Personally, I loved to watch Hero scorch tracks and saw him win at Otaki where he ran the others off their feet. Did similar in Mudgway Stakes (when it was Gr. 2) but ran too fast into the first turn there, in the 2,000 metres race of the Spring treble, and ran off the course! Looked last week and couldn't find a videotape of his wins but he caused some excitement at the races.

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watch videos of being on a horses back and you get an impression speed (or going fast) is racing, tempo and pace, to its endurance to win, accounts The Ability. 

The Human ideals of what is meant by fast, matched by the clock is perception only.

There is no doubt in my mind it is the quadrilateral action, bio-mechanics what has the edge. 

 

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On 10/15/2019 at 4:10 PM, Nearco said:

An academic who thinks I'm a bit obsessed with thoroughbreds has posed an interesting question:

'The Kenyan breaking the 2 hour marathon reminded me that recently someone I know said they had gone back and looked at the winning times of the Kentucky Derby and it appeared that there had been no increase in horses speed in 50 years (or so) perhaps even longer. Is this true in general.  I would think that improvements in nutritional knowledge and training regimes would have led to an increase in horses just as it has in humans?'

I found the times for the Kentucky Derby online, and produced a graph.  2019 is on the left, 1918 on the right. Quickest in modern times was Secretariat in 1973, 1.59.4  Slowest Sunday Silence in 1989 2.00.5  Weather & track conditions obviously have a bearing, but it would appear that over the past 60 years, times have only fluctuated by 5 seconds in a race of 2 minutes duration.

What is this telling us? Since the Thoroughbred is a closed stud book, we aren't introducing any new genes, just shaking the genetic dice.

Thoughts, please

image.png.c41abb568fb6c2c0bb3f4c281268a3a2.png

Can't believe that you think there is only 1.1 seconds between the fastest and slowest time and all those knowledgable ones commenting on post haven't picked up on it. The biggest improvements with horse speed has been harness mainly due to the huge improvement in track surfaces.

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17 minutes ago, Crow said:

Can't believe that you think there is only 1.1 seconds between the fastest and slowest time and all those knowledgable ones commenting on post haven't picked up on it. The biggest improvements with horse speed has been harness mainly due to the huge improvement in track surfaces.

We knew it was a decimal point issue Crow:rcfe-like:  I was at Alex park when Surmo way broke 2.40 for 2200  30 odd years ago at Alex park and the horse from memory was C8 rated, imagine the times that horse would be capable of given todays ‘improved ‘ track surfaces  :rcf-rich-1: Race Tempo is a major consideration, and we just dont see as many cutthroat races or the freegoing  types of yesteryear do we Crow?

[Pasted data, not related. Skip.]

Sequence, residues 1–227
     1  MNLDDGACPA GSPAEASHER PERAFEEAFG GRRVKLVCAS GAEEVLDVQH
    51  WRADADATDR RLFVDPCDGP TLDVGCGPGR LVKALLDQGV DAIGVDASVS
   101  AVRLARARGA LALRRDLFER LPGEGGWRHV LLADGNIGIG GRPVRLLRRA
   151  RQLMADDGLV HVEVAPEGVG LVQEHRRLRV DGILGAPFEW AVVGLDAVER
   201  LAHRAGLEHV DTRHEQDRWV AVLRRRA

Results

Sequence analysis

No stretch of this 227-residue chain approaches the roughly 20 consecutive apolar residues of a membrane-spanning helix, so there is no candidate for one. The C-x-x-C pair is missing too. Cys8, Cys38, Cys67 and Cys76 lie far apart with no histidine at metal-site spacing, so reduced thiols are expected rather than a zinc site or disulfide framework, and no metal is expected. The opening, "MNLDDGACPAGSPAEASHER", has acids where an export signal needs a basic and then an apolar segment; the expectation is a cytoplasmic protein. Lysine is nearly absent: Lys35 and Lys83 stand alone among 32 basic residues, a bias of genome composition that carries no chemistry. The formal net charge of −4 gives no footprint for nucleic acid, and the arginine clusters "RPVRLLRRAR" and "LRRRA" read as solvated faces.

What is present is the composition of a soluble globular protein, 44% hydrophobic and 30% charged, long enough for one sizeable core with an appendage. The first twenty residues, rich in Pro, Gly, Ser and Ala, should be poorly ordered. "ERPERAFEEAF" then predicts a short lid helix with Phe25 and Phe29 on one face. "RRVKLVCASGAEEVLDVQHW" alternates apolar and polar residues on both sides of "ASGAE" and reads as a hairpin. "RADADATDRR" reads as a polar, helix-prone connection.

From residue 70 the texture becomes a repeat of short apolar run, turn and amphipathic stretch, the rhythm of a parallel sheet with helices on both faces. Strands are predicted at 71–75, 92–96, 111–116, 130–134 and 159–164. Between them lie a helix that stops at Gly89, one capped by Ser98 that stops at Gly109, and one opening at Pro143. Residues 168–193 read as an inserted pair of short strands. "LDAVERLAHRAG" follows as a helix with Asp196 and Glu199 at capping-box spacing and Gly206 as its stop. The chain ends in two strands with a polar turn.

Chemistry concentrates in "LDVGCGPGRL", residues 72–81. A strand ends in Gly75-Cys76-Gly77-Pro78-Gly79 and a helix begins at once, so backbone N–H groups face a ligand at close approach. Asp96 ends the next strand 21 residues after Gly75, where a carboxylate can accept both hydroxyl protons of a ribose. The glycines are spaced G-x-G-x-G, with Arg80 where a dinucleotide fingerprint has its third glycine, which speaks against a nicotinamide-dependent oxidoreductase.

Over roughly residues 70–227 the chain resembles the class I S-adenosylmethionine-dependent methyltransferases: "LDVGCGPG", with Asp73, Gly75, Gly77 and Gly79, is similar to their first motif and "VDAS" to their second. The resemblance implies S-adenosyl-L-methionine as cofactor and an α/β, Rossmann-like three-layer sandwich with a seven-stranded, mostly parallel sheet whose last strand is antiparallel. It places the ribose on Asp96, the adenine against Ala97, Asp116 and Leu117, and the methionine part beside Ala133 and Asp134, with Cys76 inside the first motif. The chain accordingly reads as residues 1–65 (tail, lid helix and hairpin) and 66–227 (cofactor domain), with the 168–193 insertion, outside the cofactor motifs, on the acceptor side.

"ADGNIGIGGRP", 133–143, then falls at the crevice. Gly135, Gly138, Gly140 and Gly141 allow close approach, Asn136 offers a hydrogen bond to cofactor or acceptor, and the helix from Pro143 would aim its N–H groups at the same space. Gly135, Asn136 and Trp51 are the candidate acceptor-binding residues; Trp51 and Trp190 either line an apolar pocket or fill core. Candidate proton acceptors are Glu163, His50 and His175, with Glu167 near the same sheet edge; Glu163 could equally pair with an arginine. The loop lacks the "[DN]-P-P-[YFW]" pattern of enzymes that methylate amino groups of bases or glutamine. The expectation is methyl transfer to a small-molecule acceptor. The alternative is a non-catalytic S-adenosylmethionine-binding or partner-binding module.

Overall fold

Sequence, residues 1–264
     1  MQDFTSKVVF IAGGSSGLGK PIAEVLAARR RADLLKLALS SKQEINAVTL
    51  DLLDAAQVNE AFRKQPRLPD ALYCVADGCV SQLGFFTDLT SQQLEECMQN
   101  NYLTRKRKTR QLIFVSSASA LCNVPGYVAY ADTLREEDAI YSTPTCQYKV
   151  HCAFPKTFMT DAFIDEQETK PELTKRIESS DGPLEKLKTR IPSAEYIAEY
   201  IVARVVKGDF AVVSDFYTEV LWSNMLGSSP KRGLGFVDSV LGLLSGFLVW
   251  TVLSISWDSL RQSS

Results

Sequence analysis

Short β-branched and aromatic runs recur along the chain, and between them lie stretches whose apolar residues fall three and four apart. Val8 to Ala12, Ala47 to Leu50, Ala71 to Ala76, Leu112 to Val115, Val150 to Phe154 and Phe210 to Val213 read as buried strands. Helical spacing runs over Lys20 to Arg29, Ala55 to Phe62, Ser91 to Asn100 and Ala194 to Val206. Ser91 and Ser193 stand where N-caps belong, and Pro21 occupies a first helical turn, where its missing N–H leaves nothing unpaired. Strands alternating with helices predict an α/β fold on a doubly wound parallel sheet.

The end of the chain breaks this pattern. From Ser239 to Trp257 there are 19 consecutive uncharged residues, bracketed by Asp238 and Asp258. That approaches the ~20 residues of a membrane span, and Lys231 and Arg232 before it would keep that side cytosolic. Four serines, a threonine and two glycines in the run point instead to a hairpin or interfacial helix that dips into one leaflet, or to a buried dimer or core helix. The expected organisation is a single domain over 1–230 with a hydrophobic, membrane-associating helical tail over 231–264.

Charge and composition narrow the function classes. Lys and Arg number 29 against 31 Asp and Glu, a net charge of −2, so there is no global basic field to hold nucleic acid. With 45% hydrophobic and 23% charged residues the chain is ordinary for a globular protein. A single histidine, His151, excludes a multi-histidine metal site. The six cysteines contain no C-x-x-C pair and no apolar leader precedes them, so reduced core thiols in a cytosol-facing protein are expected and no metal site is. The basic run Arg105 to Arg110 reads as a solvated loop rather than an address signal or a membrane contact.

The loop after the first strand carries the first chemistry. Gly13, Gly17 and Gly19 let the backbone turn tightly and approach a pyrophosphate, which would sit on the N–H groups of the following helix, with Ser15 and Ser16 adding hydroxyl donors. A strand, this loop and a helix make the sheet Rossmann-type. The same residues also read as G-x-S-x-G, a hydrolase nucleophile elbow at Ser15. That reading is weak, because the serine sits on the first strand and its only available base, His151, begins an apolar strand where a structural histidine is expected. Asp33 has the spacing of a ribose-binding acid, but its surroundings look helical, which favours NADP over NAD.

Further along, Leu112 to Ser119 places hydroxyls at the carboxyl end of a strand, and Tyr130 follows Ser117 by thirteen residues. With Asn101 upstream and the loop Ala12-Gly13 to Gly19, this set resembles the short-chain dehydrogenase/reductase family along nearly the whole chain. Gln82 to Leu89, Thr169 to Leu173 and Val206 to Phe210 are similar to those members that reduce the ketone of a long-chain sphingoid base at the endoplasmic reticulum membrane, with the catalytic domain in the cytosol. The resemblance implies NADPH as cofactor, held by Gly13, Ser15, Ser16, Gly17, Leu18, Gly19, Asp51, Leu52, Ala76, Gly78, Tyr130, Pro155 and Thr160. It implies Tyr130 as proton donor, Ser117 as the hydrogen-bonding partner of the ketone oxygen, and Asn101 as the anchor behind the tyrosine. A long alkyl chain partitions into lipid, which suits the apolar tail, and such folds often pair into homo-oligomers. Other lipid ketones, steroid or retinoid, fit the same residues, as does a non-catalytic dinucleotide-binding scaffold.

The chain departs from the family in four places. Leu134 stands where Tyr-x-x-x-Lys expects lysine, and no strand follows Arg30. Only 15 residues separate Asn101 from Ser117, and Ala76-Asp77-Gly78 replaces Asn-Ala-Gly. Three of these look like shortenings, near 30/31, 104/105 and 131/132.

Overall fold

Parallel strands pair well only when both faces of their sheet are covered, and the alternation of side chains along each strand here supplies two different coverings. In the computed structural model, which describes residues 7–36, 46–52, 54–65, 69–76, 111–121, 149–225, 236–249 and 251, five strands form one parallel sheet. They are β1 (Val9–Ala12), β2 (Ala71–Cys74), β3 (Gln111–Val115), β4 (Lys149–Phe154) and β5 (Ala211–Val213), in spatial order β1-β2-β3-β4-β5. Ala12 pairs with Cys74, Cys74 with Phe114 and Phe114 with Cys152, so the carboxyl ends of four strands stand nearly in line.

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Oops, yes, Sunday Silence's (slowish) time should have been 2.05. Bad proofreading on my part.

Visually, you can see that for the past 70 years, the trend line is flattish, Ie race times only improving by  1.7%.  Median time for all statistics is 2.03.0  and the average over the past 70 years is 2.02.3.

 

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9 minutes ago, Gruff said:

We knew it was a decimal point issue Crow:rcfe-like:  I was at Alex park when Surmo way broke 2.40 for 2200  30 odd years ago at Alex park and the horse from memory was C8 rated, imagine the times that horse would be capable of given todays ‘improved ‘ track surfaces  :rcf-rich-1: Race Tempo is a major consideration, and we just dont see as many cutthroat races or the freegoing  types of yesteryear do we Crow? 

Not a decimal 1.59.4 then 1.60.5 is actually 2 minutes .5 of a second. Was there the night Chokin broke 4 mins winning Auckland Cup think was first horse to do maybe mistaken?

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13 minutes ago, Nearco said:

Oops, yes, Sunday Silence's (slowish) time should have been 2.05. Bad proofreading on my part.

Visually, you can see that for the past 70 years, the trend line is flattish, Ie race times only improving by  1.7%.  Median time for all statistics is 2.03.0  and the average over the past 70 years is 2.02.3.

 

Yes 6 seconds or 36 lenghts

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59 minutes ago, Crow said:

Not a decimal 1.59.4 then 1.60.5 is actually 2 minutes .5 of a second. Was there the night Chokin broke 4 mins winning Auckland Cup think was first horse to do maybe mistaken?

Sorry Crow i was referring to the Two minutes five not Two minutes and 5/10... 2.05.0 /2.00.5 ... You may be right, were you there for that miracle mile :rcf-sad-3: